Later, it notes that "all the new information about porn we are gathering helped explain why people of all ages and from all walks of life could develop such strong attachments to porn that they craved it compulsively, couldn't control their use and couldn't stop despite negative consequences."

Maltz states in the story that the only way to prevent the spread of porn-related problems is for people to be informed and to get help early and for society to be alert to the problems. "As mental health professionals I believe we're most helpful when we resist our tendencies to automatically condemn or advocate porn," she writes. "Our effectiveness depends on our ability to join with clients in regularly evaluating porn's impact on their lives."


Jerry RousseauJerry Rousseau, a clinical professor at the Helen Bader School of Social Welfare at University of Wisconsin-Milwaukee, was quoted in a Wisconsin Public News Service article that was picked up by the Clear Channel News Network and distributed to hundreds of news talk stations across the country.

The story was about how the holiday season can be a time of stress for many people, especially in a poor economy. "That's where the state's social workers come in. With the economy reeling, social workers in Wisconsin are preparing for a very busy holiday season," the announcer exclaimed.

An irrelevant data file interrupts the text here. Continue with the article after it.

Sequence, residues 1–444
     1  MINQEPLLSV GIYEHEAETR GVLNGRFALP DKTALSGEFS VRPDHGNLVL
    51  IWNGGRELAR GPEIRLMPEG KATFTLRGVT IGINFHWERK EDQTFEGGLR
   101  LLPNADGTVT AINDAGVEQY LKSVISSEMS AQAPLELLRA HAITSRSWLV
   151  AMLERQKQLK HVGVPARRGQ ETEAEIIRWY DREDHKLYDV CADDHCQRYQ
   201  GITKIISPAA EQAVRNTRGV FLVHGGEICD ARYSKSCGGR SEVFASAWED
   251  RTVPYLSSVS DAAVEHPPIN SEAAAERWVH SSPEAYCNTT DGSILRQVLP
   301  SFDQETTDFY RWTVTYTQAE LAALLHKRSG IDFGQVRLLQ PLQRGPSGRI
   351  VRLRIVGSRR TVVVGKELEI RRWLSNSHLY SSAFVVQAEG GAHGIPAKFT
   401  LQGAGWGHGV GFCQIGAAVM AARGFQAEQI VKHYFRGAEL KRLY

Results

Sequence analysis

Rousseau said the economic situation would have an impact on people over the holidays. "It's going to generate even more stress," he said. "It's going to generate more frustration. Some people are going to turn to behaviors that are not necessarily going to be good for them."

Rousseau said social workers across the state help people overcome some of life's most difficult challenges: poverty, discrimination, abuse, addiction, physical illness, divorce, unemployment, disability and mental illness. All can be exacerbated by a bad economy and the holiday season.

While the holidays are hard to get through for many people, Rousseau warned that the biggest challenges sometimes come later.

"After the holiday period, after Jan. 1, a lot of people sink into the sense of disappointment and depression that has been building through the holidays," he said.

It's a double-whammy, he adds: That's also when bills from holiday spending come due.


Frank CampbellFrank Campbell was chosen by the International Association for Suicide Prevention to receive the Norman Farberow award for his international work on behalf of those bereaved by suicide of a loved one. The award was presented in Uruguay at the IASP world congress, which is held every two years. Campbell said he is the first American social worker to be selected for the honor. Campbell's Active Postvention Model — most commonly used by the LOSS (Local Outreach to Survivors of Suicide) Team — has been featured in three Discovery Channel documentaries.